MR. PETERS: Yeah, there’s some – I mean, I think it’s similar. I think – I mean, Trump and Sanders, that’s when I knew something was up in this election, in the New Hampshire primary, when I was interviewing voters, and I ran across several who said that they were deciding between Trump and Sanders. And I just sat back and said, whoa, what is going on here? And I think that that has not run its course, and that you really – for there to be a true populist Democrat who could excite those voters who got excited by Trump in places like Macomb County, Michigan, could be a real competitor.
MR. RAJU: It’s also emblematic that this Democratic field heading into 2020 is wide open. I mean, it’s going to be a free for all, many candidates. There’s no clear frontrunner. And, you know, that’s why if Oprah were to run she would probably be the favorite.
MR. COSTA: Real quick, when you were walking around the Senate, as you do covering the Senate, did you detect any nerves after the Golden Globes speech by Oprah that maybe someone else was taking the spotlight?
MR. RAJU: Oh, you know, I think they – it was interesting to see Elizabeth Warren respond to questions about Oprah. She was very happy, and then someone asked her – I can’t remember where – you know, do you think that she could win. And she said, oh, I don’t know, you know. So I don’t think that – maybe she was, you know, being a little diplomatic but throwing a little shade, perhaps. (Laughter.)
MR. COSTA: So also on Capitol Hill this week, the House reauthorized FISA, the Foreign Intelligence Surveillance Act, but that was not before the president sent some contradictory tweets about the national security program. FISA allows the United States to intercept communications from foreigners suspected of terrorism, and President Trump prompted confusion with a tweet at first claiming the program had been used to abuse his campaign. He wrote that “This is an act that may have been used, with the help of the discredited and phony Dossier, to…badly surveil and abuse the Trump Campaign.” Ashley, you studied this whole flip-flop, back and forth; “ping pong,” I think, was the phrase you used in your story. What happened with the White House? Was he just watching Fox News and then got his mind turned by lawmakers?
MS. PARKER: That’s exactly what happened. (Laughter.) He was – he was watching Fox News I believe around 6:46 a.m. Judge Napolitano, a fervent Trump supporter, basically said, you know, this is – I’m scratching my head, I don’t understand why the president is supporting this. And then about 47 minutes later, I believe, the president tweeted verbatim the Fox chyron from that moment, and this created a mad scramble on Capitol Hill and in the West Wing. The White House immediately – the president’s aides called Paul Ryan, Paul Ryan called the president back. The two men spent 30 minutes on the phone, with the speaker basically explaining the nuances between the domestic and foreign surveillance programs, and it was the Section 702, which is the foreign section, that was getting voted on. The president got a lot of pressure. General Kelly headed over to Capitol Hill. He was scheduled to go there anyhow, but he was now in a position of fielding a ton of questions from very confused lawmakers. And then 101 minutes after that first tweet, the president sent out a second tweet that said: That being said – which basically meant my aides have now explained to me that the White House position is to actually support this bill. And he walked it back and the vote passed as expected.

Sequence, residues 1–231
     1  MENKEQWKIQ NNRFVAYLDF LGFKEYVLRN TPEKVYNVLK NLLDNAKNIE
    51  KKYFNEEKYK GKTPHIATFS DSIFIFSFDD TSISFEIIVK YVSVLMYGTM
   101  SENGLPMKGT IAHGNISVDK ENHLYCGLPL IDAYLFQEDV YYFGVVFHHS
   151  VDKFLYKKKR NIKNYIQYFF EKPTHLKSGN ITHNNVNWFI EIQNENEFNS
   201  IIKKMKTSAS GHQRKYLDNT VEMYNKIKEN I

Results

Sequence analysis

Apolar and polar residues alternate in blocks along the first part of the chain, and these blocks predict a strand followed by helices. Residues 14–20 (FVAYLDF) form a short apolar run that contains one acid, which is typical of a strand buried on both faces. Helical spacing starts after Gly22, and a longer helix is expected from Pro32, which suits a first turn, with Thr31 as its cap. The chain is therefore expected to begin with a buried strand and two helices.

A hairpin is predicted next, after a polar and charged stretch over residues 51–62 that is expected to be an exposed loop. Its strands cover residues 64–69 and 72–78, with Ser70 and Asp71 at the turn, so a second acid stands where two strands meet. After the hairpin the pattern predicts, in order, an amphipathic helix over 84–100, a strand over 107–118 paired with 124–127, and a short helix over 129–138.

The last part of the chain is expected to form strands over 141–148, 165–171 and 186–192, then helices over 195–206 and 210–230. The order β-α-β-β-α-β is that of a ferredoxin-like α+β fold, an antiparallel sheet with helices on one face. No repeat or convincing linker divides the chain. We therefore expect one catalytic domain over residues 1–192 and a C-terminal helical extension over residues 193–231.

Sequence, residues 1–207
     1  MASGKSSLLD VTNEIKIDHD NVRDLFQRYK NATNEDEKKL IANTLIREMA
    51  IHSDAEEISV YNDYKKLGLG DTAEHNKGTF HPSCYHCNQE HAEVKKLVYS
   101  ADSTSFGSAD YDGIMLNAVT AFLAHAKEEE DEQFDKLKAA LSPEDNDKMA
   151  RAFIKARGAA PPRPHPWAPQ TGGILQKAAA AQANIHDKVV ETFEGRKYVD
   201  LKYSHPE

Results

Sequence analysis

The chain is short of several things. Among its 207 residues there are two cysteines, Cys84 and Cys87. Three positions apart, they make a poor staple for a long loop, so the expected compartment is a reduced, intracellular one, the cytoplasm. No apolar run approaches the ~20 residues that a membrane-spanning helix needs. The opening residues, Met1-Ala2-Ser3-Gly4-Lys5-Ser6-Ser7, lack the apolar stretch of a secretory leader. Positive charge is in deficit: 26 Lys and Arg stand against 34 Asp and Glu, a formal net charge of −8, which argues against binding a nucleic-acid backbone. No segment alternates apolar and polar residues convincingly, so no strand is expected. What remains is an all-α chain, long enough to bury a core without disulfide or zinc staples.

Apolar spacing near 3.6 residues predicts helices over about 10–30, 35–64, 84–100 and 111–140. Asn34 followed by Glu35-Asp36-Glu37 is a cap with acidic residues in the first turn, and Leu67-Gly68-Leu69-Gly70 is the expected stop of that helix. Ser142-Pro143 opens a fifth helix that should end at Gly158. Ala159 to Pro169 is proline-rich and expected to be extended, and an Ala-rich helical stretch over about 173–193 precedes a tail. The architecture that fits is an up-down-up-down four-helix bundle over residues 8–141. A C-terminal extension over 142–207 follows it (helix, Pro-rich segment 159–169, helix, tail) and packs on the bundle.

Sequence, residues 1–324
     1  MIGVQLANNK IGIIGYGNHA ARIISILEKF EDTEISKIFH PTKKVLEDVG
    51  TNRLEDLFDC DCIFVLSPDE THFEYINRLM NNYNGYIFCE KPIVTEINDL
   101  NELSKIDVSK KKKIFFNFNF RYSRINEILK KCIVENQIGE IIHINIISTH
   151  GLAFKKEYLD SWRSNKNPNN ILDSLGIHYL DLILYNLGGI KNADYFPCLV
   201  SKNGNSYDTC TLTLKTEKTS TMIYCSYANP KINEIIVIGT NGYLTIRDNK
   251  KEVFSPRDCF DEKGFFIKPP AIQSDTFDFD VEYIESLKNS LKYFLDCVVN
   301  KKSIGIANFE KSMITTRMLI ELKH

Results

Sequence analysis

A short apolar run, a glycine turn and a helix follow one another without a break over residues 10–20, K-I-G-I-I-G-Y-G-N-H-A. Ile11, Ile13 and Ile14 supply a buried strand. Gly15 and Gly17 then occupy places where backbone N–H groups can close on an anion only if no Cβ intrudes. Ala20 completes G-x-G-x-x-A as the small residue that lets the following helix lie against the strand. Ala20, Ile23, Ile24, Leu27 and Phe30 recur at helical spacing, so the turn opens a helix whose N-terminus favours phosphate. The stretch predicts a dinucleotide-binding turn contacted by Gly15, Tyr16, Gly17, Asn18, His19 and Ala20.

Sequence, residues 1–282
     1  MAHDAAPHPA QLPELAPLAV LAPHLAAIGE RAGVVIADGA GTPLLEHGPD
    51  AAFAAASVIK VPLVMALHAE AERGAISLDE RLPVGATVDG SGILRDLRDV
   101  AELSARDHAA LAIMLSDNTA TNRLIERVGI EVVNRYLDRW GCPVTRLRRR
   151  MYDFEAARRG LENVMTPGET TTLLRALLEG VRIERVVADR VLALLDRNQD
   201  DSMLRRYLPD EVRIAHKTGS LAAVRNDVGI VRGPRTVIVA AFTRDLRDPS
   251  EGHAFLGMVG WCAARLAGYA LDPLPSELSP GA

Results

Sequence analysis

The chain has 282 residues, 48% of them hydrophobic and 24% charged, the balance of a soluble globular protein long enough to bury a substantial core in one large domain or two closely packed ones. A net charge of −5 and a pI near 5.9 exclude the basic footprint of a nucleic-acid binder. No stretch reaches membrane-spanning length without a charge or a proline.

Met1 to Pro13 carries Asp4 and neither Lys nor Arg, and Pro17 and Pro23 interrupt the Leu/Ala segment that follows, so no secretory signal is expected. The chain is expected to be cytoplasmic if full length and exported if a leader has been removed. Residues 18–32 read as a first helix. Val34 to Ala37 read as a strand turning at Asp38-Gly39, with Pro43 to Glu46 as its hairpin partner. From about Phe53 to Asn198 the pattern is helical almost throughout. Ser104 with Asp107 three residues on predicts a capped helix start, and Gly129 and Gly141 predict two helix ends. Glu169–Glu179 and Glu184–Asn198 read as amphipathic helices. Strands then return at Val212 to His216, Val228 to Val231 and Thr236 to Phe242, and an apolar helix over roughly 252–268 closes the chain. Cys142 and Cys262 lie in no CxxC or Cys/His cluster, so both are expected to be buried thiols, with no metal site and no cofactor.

MR. COSTA: Ashley mentioned General Kelly. Supposedly, based on all of our reporting – many of our reporting, he had organized Oval Office meetings, he has kept the schedule tight, he has organized the paper flow. Yet, he’s not controlling the tweets. What is the chief of staff doing at moments like this, and why is he not controlling the tweets?
MS. KARNI: I’ve thought a lot about this. On the one hand, no one can control the tweets. So maybe – so in some sense, it’s a smart strategy. Why waste the energy trying? It’s not going to work. The longest it’s ever held is a few days. So it’s a losing battle. So Kelly has just given up. On the other hand, when the tweets really drive so much of the news coverage and the policy, and are so much a part of this presidency, how can you really say you’re running the White House and imposing order when you’re just not even looking at the tweets? The weekend when he tweeted that he was a stable genius, reporters – I think the pool reporters said to Kelly – like, read it to Kelly. And his reaction was, OK. (Laughter.)
MR. COSTA: Any takeaway from the vote?
MR. RAJU: On the – you know, I asked Paul Ryan about – specifically about his conversations with Trump. And this is after they passed this FISA bill. And I said – I asked him – my question was: Did the president understand that his administration is supporting a bill that he has criticized – that he criticized on Twitter? And Paul Ryan basically said that – suggested that the president did not understand the bill. He said that he had to – he said that, oh, well, he was concerned about the domestic part. We were voting on the foreign part. So that’s why – you know, we talked about it. And I said, so does that mean the president didn’t know what you’re voting on? And he suggested the president did not know.
MR. COSTA: Speaking of Congress, two California Republicans announced their retirement from Congress this week, Darrell Issa and Ed Royce. Joined some – almost over two dozen other Republican House members who are not seeking reelection this year. And while they are bowing out, former Arizona Sheriff Joe Arpaio – he announced his bid for the Senate. The 84 – 85-year-old Arpaio, a staunch supporter of President Trump, is running now to fill the seat held by Republican Jeff Flake, a Trump critic who’s retiring.